Antietam National Battlefield

The Civil War

Sharpsburg, MD

October 16th, 1999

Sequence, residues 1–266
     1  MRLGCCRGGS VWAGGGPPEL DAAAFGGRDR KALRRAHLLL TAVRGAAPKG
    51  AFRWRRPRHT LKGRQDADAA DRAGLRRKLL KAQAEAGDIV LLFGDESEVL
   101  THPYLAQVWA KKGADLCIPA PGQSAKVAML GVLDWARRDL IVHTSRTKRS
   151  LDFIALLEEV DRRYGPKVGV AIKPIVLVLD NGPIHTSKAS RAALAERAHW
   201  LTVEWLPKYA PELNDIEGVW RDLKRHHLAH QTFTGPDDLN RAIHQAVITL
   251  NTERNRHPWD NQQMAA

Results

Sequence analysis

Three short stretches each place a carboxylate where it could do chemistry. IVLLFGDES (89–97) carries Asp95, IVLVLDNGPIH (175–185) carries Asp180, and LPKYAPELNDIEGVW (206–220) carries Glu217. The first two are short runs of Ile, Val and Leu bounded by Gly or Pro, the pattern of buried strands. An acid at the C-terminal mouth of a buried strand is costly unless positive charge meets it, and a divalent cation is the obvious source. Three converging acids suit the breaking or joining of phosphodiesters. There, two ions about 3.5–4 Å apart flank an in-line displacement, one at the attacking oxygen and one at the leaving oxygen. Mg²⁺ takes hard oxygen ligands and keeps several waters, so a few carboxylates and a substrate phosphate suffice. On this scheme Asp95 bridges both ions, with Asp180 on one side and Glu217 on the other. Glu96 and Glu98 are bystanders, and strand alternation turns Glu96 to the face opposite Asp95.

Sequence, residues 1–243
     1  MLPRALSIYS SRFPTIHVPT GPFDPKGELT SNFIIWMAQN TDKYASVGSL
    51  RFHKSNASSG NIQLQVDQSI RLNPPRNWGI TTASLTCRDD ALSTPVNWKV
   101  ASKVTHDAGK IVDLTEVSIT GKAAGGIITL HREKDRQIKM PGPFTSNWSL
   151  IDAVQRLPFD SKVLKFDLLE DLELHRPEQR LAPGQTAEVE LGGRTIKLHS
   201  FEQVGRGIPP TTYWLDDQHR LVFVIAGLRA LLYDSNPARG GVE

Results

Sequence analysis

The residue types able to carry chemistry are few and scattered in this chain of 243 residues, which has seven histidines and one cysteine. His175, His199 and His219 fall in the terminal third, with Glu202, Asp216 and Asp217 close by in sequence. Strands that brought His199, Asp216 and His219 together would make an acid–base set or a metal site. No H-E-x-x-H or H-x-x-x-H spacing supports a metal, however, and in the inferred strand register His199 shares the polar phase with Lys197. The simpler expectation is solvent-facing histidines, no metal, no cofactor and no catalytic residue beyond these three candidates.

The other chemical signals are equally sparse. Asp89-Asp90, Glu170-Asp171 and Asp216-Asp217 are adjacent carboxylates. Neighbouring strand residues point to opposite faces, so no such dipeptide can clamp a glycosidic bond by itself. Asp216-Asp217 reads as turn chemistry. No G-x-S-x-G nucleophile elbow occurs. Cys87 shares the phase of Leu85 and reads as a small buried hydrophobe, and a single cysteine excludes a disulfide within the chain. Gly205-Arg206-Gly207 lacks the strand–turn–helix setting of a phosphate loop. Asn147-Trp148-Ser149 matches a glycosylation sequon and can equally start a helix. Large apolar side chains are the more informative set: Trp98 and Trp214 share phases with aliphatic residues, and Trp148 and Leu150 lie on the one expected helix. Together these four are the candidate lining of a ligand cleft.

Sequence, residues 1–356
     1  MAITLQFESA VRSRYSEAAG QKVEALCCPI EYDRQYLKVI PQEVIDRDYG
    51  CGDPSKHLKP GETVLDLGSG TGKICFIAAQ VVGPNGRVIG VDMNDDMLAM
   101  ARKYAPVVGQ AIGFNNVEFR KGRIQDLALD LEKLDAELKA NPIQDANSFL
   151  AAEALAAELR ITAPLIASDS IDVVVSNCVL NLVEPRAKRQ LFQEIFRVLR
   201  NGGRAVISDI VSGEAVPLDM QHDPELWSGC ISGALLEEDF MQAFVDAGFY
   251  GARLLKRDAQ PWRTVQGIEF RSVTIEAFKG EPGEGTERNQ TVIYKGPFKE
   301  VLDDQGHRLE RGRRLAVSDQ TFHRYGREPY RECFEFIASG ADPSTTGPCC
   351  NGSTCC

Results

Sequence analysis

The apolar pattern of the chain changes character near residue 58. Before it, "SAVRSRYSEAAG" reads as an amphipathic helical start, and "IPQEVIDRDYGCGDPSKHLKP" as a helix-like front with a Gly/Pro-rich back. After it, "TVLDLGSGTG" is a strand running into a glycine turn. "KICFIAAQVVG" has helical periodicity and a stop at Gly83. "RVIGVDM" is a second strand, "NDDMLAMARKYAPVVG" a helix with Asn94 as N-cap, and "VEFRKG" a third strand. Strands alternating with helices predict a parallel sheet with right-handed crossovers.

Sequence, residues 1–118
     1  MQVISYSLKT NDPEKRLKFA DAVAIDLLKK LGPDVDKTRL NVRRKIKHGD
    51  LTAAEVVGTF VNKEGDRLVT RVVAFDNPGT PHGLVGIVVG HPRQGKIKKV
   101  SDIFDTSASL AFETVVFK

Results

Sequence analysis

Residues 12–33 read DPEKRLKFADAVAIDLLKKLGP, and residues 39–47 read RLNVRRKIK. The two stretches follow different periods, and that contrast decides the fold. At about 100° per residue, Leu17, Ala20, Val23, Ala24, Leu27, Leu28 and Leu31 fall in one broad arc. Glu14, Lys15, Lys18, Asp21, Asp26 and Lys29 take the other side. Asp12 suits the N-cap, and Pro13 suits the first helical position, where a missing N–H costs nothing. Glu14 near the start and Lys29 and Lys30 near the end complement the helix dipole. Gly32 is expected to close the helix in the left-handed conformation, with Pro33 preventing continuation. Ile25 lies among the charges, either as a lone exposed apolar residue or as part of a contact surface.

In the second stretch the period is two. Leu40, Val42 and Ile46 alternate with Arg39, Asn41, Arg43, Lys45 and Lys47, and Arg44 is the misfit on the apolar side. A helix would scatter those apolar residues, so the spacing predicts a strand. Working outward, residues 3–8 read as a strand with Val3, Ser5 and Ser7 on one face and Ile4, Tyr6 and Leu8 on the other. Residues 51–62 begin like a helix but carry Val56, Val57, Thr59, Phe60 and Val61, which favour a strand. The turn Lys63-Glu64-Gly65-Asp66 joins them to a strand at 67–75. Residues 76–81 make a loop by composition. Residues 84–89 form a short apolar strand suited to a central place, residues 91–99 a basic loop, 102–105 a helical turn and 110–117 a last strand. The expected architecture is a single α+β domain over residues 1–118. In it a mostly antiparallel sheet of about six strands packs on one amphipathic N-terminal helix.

SeveralMap name months ago, as we passed through Maryland and proceeded into Pennsylvania, we passed Sharpsburg and the Antietam National Battlefield. Intending to visit this historic point on our return trip, I happened to chance by a copy of "Landscape Turned Red" by Stephen Sears. By the time we had returned I had read the detailed account of the events of September 17th, 1862. Along the way I had also acquired a copy of "North and South" by John Jakes. By the time I had arrived in Sharpsburg, I was convinced that no single entity has had more impact on this country then the "peculiar institution" known as slavery. Here at Antietam, the cumulative effects of a nation divided on this issue were acted out, in what was to become the bloodiest day ever recorded on the North American Continent. The horrid places of the North Woods, the Sunken Road and the Cornfield are quiet now. The rolling hills of manicured lawns give no indication of the death and mutilation that rained down on the 127,000 men that had gathered here so long ago. The Federal Battlefield encompasses around 12 square miles and is located northwest of Sharpsburg. The visitors' center which is north of Sharpsburg on State Route 65, is located on the high ground near the Dunkers church. From here, many of the points of interest can be seen at a distance. The Visitors' center runs a short documentary film which sets forth the issues that were to be decided and the characters involved. Outside, we joined Ranger Keith Snyder for a presentation in progress. I have always been delighted in the National Park Service's ability to find the most energetic and enthusiastic presenters for their service. I was caught up in the tension as Keith narrated us through the ending of the battle, pointing out each point on the horizon as it, in turn, came into play. The warm day and the gentle breeze played into the emotion of the story. I was well into the feeling of the days events when we moved off toward the "Dunker Church". However let me first digress and set the stage for the day. It was the second year of the War between the States, or Civil War depending on whether you're from the north or south. Even in giving a name to the war that divided this nation, each side has its own expression. Later, when we were in Fredericksburg I heard another name offered by a stanch southerner. "The war of northern aggression". It caused me to reflect on my earlier thoughts on slavery. Several Northern Armies had entered into Virginia, with disastrous results being dealt to them by a quiet spoken, highly respected West Point graduate named Robert E. Lee, who had been placed in charge of the Army of Northern Virginia. Abraham Lincoln, needing a new general, appointed the ever popular George McClellen to head up the Union Army. Ironically, both men had been classmates at West Point and had served together in the Spanish American War some twenty years earlier. Lee, convinced that the war would not end until it was taken onto northern soil, made the first of two attempts to go north as he marched 40,000 men into Maryland supported by his longtime classmates and friends, Generals Longstreet and Thomas (Stonewall) Jackson. The overly cautious General McClellen marched out of Washington to meet him with 87,000 men supported by Generals Hooker, Burnside, Mansfield, Sumner and Meade. Lee, being as unpredictable as always, did the unthinkable and on September 15th, split his army while in enemy territory, sending Jackson south to capture the arsenal at Harpers Ferry. The next day, the now famous order, number 191 issued by Lee, was found in Frederick, by union infantrymen wrapped around three cigars. To this date no historian has been able to discover how or why that copy of the order was abandoned, nor has the intended receiver of that specific copy ever been identified. Realizing that Lee's army was diminished, McClellen pushed on ever so slowly. A Confederate spy in McClellen's camp reported the finding of order 191 to Lee who attempted to stop McClellen at South Mountain and again at Turner Gap. All attempts failed and Lee fell back across the Antietam River at Sharpsburg, where on September 17th, he made his final stand. McClellen now with a sizable advantage failed to strike the disorganized Confederate line, preferring instead to stop on the east side of the Antietam and reorganize his Army into proper position. This allowed Lee to summon Jackson from Harpers Ferry and strengthen his defense. The engagement began in the morning when General Hooker lead the first attack through the North Woods against Jackson's troops, during which time Hooker was shot and wounded. McClellen failed to mount a combined attack preferring to advance piece meal allowing the under-strength defenders to meet force with equal force. General Mansfield continued Hooker's advance until he himself was shot dead. The battle swept back and forth across Miller's cornfield continuously for three hours. More fighting took place here than anywhere else at Antietam. Although Jackson was being pushed back, his lines held. Cutting through the battlefield about midway, is an old wagon road over soft ground. Over the years the ground had given way and the road had sunk to a depth of eight feet in places. This "sunken road", also known as "bloody lane" became the scene of a 4 hour pitched battle as Jackson filled it with troops who stood and fired until they were knee deep in their own dead. By the time they were dislodged by General Sumner's final assault, over 5000 bodies lay strewn about. It produced perhaps the most famous picture of the war shot by Mathew Brady. Never before had the carnage of war been recorded before the bodies had been removed. During the days activities, McClellen had ordered General Burnside to attack over the lower bridge, now called "Burnside's Bridge" after the Union general whose troops were held off most of the day by a few hundred Georgia riflemen. It is the battlefield's best known landmark. By late afternoon, the Union had crossed the bridge and had advanced up the hill threatening to cut off Lee's ability to retreat when they ran into the last of the Confederate troops from Harper's Ferry. A.P. Hill who had remained at Harpers Ferry to guard the 12,000 prisoners taken, turned them loose and literally ran the 17 miles to Antietam in the nick of time to check Burnside's advance. With this the battle was over. The next day Lee began withdrawing his army across the Potomac River. The Federal losses were put at 12,410 with the Confederate losses reaching 10,700. Although neither side gained a decisive victory, Lee's failure to carry the war effort effectively into the North caused Great Britain to postpone recognition of the Confederate government. The battle also gave President Abraham Lincoln the opportunity to issue the Emancipation Proclamation which, on January 1 1863, declared free all slaves in States still in rebellion against the United States. Now the war had a duel purpose, to preserve the Union and end slavery. McClellen repeatedly refused to pursue Lee into Virginia even after a direct order from the Present. He was subsequently "cashiered" as it was referred to then, and General Burnside was given the command. He, in turn, was replaced after the disastrous battle at Fredericksburg. Several other generals involved in the fighting at Antietam would take their turn at attempting to run to ground the elusive commander of the Army of Northern Virginia only to find themselves replaced for inefficiency; Hooker, Sumner, and then Meade who would finally defeat the Virginian at Gettysburg.